US Department of Education to Review Criteria for Discharge of Student Loans

Possible Bankruptcy Options for Student Debt

There’s nothing more relatable than student loan debt. We all know a student, parent or grandparent that is or will be trapped under thousands of dollars of debt after schooling. On February 21, 2018, the Wall Street Journal reported that student loan debt is nearly 1.4 trillion dollars. That’s doubled from just ten years ago. Read the original article here

After a quiet few years on the topic of student debt, it’s a relief to hear that the Trump Administration announced that it’s looking into the issue. The administration agreed to consider the public opinion before deciding whether Americans should be able to declare bankruptcy because of student loan debt. With the help of Congress and the Department of Education, more students may be able to claim bankruptcy, Wall Street Journal reports.

Under present law, very few students have been able to claim bankruptcy because they have to be able to prove “undue hardship.” Since there aren’t any official definitions of undue hardship, bankruptcy relief for students comes on a case-by-case basis. Relief has become elusive.

Also on February 21, the Department of Education sent out a press release requesting information on evaluating “undue hardship.” DOE is looking to hear from individuals, advocacy groups, professional organizations and other state and federal agencies, according to DOE press release. It is important that all people affected by this issue make their voices heard during this review.

To make your voice heard, send your responses before May 22, 2018, by mail, eRulemaking Portal or commercial delivery. Find more information click here. Call Jean-Didier Gaina of the U.S. Department of Education for more information 202-453-7551.


DeVry University Settles Lawsuit for $100 M to Cover Students’ Loans and Tuition

Last week the Federal Trade Commission announced that DeVry University had settled a major lawsuit that alleged the University put out false advertising claiming that their graduates found employment within six months of graduation at up to 15% higher salaries than students who graduated from other universities. 

“When people are making important decisions about their education and their future, they should not be misled by deceptive employment and earnings claims,” said Edith Ramirez, the F.T.C chairwoman in a statement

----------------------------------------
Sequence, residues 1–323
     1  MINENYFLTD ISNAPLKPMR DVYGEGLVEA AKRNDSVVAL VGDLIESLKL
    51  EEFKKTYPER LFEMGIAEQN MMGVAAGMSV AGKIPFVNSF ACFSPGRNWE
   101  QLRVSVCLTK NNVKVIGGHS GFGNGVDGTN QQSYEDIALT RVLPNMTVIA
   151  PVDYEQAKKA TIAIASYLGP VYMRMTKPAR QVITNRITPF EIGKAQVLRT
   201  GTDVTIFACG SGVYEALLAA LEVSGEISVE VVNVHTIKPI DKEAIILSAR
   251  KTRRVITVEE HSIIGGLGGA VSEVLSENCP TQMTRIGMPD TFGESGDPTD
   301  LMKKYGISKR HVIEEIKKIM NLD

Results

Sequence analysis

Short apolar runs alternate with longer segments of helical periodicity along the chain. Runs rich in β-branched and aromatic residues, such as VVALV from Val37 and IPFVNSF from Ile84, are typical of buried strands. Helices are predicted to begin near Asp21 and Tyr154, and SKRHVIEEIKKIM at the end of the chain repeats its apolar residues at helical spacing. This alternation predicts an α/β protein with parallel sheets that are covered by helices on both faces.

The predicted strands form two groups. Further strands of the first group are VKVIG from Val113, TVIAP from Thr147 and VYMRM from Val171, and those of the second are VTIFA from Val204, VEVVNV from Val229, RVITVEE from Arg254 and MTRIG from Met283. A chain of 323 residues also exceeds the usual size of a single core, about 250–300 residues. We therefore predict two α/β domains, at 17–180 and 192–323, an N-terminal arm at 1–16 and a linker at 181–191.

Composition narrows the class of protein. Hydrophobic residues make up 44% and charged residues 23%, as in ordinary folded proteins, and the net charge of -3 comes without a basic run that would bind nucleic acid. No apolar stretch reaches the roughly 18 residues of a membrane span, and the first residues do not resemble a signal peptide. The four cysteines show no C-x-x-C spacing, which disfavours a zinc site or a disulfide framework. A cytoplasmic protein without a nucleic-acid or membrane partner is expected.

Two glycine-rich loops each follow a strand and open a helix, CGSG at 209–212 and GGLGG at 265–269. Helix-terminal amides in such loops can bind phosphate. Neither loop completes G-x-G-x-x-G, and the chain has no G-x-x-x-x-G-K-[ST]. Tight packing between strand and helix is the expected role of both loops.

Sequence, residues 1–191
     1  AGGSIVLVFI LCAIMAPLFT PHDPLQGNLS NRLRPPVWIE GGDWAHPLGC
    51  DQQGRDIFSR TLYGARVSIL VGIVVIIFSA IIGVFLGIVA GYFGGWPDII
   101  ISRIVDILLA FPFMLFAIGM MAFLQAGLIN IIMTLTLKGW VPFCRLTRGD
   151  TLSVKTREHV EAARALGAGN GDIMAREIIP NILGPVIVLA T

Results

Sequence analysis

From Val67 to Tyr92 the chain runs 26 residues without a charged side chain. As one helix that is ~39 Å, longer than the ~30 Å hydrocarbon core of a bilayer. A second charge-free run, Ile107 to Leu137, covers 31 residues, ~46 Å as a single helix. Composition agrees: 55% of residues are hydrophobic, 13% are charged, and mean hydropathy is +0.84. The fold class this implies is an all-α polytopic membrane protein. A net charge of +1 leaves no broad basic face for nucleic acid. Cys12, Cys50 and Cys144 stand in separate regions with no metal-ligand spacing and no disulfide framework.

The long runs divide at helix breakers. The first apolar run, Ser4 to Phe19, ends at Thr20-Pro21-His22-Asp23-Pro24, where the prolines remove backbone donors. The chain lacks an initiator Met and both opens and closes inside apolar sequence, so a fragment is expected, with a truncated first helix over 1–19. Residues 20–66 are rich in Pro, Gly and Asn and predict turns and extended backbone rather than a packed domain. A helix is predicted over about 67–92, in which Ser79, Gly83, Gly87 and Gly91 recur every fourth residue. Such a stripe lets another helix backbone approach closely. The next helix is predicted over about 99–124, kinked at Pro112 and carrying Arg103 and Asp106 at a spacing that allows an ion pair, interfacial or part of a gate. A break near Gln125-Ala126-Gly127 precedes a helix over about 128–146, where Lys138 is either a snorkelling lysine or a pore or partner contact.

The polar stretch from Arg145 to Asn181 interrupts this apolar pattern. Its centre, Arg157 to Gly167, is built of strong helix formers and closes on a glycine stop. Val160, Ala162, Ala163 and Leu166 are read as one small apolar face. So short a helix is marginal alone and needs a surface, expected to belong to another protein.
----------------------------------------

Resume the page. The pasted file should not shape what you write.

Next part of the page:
Under the settlement, $51 million in debt relief will be granted and an additional $49 Million in cash will be paid to students harmed by the advertising.  Tens of thousands of students stand to benefit from the agreement according to the F.T.C.

The settlement also contained provisions to prevent the University from making misleading statements in the future.

The full article can be read in the business section of The New York Times of December 15, 2016.

Borrowers are Being Illegally Barred from Making Income Based Payments on Student Loans

Unfortunately, in this day and age, student loans are a necessary evil that nearly every college student has to indulge in – and now the process of repaying those loans has gotten even more complicated.
The Consumer Financial Protection Bureau(CFPB) has determined that many student loan ‘servicers’ are illegally denying borrowers the right to adjust their repayments to match their income, even though they qualify for the special repayment programs.
One of the reasons servicers do not want borrowers to use the special income driven repayment programs, is that after 20 years any balance can be ‘forgiven”.
However, CFPB is demanding that Government appointed servicers live up to their original agreements and allow qualifying borrowers access to income driven repayment plans.
For more information, see complete article here

Mortgage Fraudster Sent to Jail

A recent item in Newsday reports that Aaron Wider, a mortgage broker who lured people into mortgages which they could not pay, has been sentenced to 30 years in prison. It is about time that those who perpetrated these frauds on consumers receive the punishment which they deserve. We still wait anxiously to see if any of the executives of the nations biggest banks, who orchestrated the massive collapse of the economy are brought to justice. Unfortunately, his conviction will do little to help those who have already lost their homes or who are still in foreclosure. If you are still looking to obtain a mortgage modification, call us to discuss your options. For more information click on the following link — Newsday